In turn, Ciupak et al.8 reported seasonal changes in chlorophyll a content in tree leaves, ranging e.g. for linden from 102.37 (fall) to 587.82 µg g−1 (spring), or for maple from 77.95 (fall) to 2444.5 µg g−1 (summer). The concentration of chlorophyll b ranged from 63.52 to 141.36 µg g−1 (linden) and from 90.89 to 897.58 µg g−1 (maple). In another study, Ciupak et al.28 studied the impact of seed stimulation with He-Ne laser light on the content of photosynthetic pigments. They observed the highest levels of chlorophyll a in scorzonera leaves stimulated with laser light with 1 min exposure, and the lowest with 10 min exposure, i.e. it was found that exposure time had a major impact on this parameter. Even though this seems a fairly obvious conclusion, the actual choice of correct exposure proves to be a complex problem that is further complicated by dependence on the specific type of plant as well as numerous other factors. Laser light stimulation generally triggered an increase in the pigment content in scorzonera leaves, only in L10 was a decrease by approx. 3–4% observed. This indicates that, depending on the plant species, laser light stimulation may have a positive influence on plant quality, provided that the respective are adapted to the specific needs of a given crop or vegetable.

In our study, stimulation with laser light and magnetic field triggered a decrease in carotenoid content relative to the control. This shows that electromagnetic stimulation may have constituted a stressor for the alfalfa plants selected for this study. The relevant value was within the range from 64 to 183 µg g−1. A significant decrease in the pigment’s content, respectively by 63 and 64%, was observed for the F5 and L1 samples. In other studies it was reported that noticeably more chlorophyll per a unit of leaf mass but less per unit of leaf surface was observed in shaded leaves, as compared to insolated leave37. Ibrahim and Bafeel38 noted a decrease in chlorophyll content and increased ratio of carotenoids to total chlorophyll in alfalfa leaves under the influence of stressogenic factors, specifically a temperature drop to 10 °C and shading for 24 h, followed by a temperature increase to 25 °C in the presence of light. In earlier studies, higher values of parameters related to photosynthesis were reported, particularly in terms of chlorophyll a and b, in legumes as compared to grass species39. Irshad et al.40 observed in their study that the content of chlorophyll in Medicago truncatula leaves was reduced under the influence of a stressor in the form of variable amounts of NaCl salt. Meanwhile, the He–Ne laser light treatment employed by Okla et al.41 facilitated the growth of Cymbopogon proximus plants and increased photosynthetic activity, which might also be attributed to increased chlorophyll levels in the plant. Ciupak et al.8 studied the content of carotenoids in linden and maple trees, and reported values within the ranges of, respectively: 147.62–168.87 µg g−1 and 205.55–383.99 µg g−1. In turn, in scorzonera leaves the observed values28 ranged from 107 to 135 µg g−1. In another study by Herde et al.42 investigating the impact of stress caused by light as well mechanical damage and thermal treatment of wild tomato plants, it was observed that while the stressors inhibited the process of photosynthesis, the content of chlorophyll remained stable.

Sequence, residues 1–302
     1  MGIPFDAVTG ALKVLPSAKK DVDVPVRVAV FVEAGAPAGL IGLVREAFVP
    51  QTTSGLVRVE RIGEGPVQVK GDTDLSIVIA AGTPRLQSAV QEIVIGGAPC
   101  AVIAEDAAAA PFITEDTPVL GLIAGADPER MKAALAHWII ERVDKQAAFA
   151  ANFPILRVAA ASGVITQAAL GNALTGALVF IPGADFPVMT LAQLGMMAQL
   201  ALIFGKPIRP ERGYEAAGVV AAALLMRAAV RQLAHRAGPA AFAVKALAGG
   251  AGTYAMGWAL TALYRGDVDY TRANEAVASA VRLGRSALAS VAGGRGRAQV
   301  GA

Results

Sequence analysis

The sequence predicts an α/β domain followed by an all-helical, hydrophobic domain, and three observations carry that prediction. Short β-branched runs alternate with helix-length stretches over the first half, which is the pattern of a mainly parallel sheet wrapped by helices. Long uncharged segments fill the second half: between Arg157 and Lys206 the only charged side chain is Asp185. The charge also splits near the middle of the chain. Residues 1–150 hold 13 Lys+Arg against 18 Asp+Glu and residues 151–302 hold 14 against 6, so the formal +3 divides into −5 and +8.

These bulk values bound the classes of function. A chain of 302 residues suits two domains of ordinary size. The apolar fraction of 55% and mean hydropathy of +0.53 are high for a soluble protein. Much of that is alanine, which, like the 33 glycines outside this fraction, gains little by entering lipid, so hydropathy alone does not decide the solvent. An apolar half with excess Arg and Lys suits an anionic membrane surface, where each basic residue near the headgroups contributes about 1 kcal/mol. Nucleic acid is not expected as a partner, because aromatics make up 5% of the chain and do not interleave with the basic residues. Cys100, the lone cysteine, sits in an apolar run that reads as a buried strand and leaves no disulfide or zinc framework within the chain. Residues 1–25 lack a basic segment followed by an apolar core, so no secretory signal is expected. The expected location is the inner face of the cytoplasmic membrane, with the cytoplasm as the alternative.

The scattering plots show two linear correlations between variables: carotenoids and chlorophyll a + b (Fig. 6), and leaf mass and tensile strength (Fig. 7). Positive values of the coefficients indicate the direction of the relation.

Figure 6
figure 6

Scattering plot with histogram for correlation between carotenoids and chlorophyll a + b.

Figure 7
figure 7

Scattering plot with histogram for correlation between disruptive force and leaf mass.


Under the influence of the factors employed, the leaves collected from central and top parts of the plants were more fragile. Electromagnetic stimulation triggered an increase in the mass of leaves and thickness of stems in the lower parts of plants, as compared to the control. This indicated that the plants selected for the study were sturdy and resistant to tensile. This suggests that while the tensile strength may depend on the mass and thickness of leaves, the latter can also be affected by specific electromagnetic factors.

The chlorophyll fluorescence lifetime and pigment content values were noticeably reduced in the experimental alfalfa plants relative to the control, which may have been due to the electromagnetic/stressogenic factors used. This evidences ageing of alfalfa plants.